While most were enjoying a lazy Monday in on Human Rights Day, some bounding wheelchair users were making tracks on the Sea Point Promenade with the aim of vocalising their own, often-overlooked rights as well as enjoying a morning out with their wheelchair-bound brethren.
Wheel * Walk organiser, Kamile Abbas, who heads up the Things on Wheels organisation, was happy to see so many smiles on the happy faces that wheeled their way down the promenade.
“Everyone does their big walks but I wanted to do a wheel * walk so that people in wheel chairs can also share in this type of get together. We started off small, five years ago, with around 50 people and we have grown to around 250 people but I believe one day we will have over a thousand joining in.
“We are happy with the turnout and the excellent vibe experienced on the day. It is heartwarming to see so many excited faces on the people who have come out of their homes and down to the sea side.
From page 46
“Some of the participants have never seen the sea before. Those smiles on their faces made my day. Money can’t buy that.
“Our organisation, Things on Wheels, feeds around 2 000 people a month and engages in many projects that serve the poor and needy. We feed 600 school pupils a day and last year we helped 490 schools with feeding schemes. Our goal is simply to make the less fortunate happy.
“With regards to wheelchair users, people should be made aware of the issues they face and realise that they should be treated the same as anyone else,” he said.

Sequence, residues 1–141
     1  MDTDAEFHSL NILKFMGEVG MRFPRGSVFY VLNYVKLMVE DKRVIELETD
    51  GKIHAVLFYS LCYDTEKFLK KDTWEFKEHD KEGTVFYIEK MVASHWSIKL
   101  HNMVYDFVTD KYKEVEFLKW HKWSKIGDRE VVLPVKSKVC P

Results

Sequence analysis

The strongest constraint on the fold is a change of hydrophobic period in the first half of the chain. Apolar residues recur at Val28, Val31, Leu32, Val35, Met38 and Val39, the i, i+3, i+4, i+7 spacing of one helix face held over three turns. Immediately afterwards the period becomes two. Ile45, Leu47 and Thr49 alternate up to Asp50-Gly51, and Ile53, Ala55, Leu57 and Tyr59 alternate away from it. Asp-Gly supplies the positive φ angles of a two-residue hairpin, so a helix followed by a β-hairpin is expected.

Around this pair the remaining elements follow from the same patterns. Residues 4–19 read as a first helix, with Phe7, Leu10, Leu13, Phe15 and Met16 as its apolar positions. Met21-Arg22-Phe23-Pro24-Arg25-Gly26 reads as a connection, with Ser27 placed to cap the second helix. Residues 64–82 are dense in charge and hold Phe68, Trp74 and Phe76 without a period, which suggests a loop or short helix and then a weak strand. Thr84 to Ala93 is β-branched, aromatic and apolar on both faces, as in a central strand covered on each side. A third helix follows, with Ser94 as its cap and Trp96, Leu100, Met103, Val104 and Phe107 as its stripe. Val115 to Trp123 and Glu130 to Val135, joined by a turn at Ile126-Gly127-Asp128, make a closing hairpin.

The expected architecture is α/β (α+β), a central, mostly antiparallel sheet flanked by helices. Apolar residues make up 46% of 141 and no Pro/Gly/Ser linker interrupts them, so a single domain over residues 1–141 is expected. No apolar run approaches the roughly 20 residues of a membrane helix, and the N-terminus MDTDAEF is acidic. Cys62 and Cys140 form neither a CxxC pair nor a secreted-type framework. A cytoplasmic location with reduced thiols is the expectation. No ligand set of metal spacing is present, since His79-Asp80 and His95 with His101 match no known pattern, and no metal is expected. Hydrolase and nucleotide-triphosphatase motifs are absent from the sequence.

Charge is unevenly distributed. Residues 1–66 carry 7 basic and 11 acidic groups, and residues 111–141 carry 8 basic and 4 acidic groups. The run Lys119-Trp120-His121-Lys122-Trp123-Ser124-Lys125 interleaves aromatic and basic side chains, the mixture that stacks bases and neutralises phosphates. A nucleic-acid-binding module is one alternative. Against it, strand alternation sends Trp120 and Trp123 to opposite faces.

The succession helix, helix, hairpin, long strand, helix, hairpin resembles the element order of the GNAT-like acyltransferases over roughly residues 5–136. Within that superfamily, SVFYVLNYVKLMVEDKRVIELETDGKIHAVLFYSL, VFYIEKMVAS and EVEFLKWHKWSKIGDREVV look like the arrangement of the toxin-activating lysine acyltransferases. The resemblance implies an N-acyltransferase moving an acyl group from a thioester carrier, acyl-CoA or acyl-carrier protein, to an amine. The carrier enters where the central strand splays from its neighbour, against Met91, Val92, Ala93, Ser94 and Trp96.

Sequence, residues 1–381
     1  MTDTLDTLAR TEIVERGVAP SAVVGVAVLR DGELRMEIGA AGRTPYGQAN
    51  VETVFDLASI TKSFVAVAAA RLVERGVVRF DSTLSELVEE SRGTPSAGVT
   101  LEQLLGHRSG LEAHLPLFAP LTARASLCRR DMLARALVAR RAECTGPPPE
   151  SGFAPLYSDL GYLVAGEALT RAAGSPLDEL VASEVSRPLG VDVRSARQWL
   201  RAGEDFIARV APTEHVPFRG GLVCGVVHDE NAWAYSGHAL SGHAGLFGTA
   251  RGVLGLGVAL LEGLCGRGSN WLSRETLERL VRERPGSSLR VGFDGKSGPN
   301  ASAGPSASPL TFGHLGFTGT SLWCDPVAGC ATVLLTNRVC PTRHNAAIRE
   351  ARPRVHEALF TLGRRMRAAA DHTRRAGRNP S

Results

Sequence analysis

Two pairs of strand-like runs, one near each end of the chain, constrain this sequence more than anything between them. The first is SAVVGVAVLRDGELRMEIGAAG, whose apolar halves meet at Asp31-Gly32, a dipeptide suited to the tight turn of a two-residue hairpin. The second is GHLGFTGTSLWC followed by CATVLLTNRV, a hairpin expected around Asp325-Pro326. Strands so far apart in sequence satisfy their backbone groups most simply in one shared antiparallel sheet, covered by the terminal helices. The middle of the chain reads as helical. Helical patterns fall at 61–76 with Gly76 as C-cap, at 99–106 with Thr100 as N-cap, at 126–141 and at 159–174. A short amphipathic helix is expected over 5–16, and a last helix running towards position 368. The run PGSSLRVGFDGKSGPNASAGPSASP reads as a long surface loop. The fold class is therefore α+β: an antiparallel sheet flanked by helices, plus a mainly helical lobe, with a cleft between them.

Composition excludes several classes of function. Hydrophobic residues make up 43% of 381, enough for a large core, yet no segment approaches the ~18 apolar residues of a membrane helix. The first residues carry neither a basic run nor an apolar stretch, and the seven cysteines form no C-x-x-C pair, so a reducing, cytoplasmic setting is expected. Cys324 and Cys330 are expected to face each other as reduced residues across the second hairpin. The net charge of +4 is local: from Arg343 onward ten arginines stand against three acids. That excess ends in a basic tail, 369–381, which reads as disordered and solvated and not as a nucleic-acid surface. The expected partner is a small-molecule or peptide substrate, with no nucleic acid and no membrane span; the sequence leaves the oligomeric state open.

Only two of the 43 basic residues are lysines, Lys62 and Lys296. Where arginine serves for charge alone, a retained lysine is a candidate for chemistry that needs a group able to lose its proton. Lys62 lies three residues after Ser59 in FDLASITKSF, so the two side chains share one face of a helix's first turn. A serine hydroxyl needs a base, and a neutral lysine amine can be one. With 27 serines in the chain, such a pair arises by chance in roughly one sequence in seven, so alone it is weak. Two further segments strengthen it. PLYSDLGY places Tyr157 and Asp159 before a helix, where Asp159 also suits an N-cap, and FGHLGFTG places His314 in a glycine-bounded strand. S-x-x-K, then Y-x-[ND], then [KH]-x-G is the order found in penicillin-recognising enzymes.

Lending a helping hand on the day was Tafelsig’s Anthony George, who heads up the Greater Bulls Disabled Sports Club as project coordinator and took responsibility for raising awareness of the Wheel * Walk event and made sure that participants got there and back safely.
“The event was held in aid of Things on Wheels’ campaign to raise awareness of the rights of people with disabilities. They do a lot of outreach work and distribute wheelchairs to those in need. It was a really enjoyable day for all and a perfect way to celebrate Human Rights Day at the same time.
“We have a number of upcoming events planned as well as a big wheelchair race that we are putting together for November. We will have a roadshow starting in May that will encourage disabled people to participate in sports and promote a healthy lifestyle by partnering with local community centres and the City’s sports and recreation councils.
“Some of the biggest challenges faced by the disabled on a daily basis are transport issues, a lack of job-based training and a high rate of unemployment. Our dream is to get more disabled people working instead of relying on a disability grant from the government. All the legislation is in place to make this happen but it is simply not being implemented.
“At a base level government officials should get sensitisation training on how to deal with disabled people and this training should be provided by the disabled themselves. I have a small business and want to encouraged others to start their own as a means of dealing with the unemployment issues,” he said.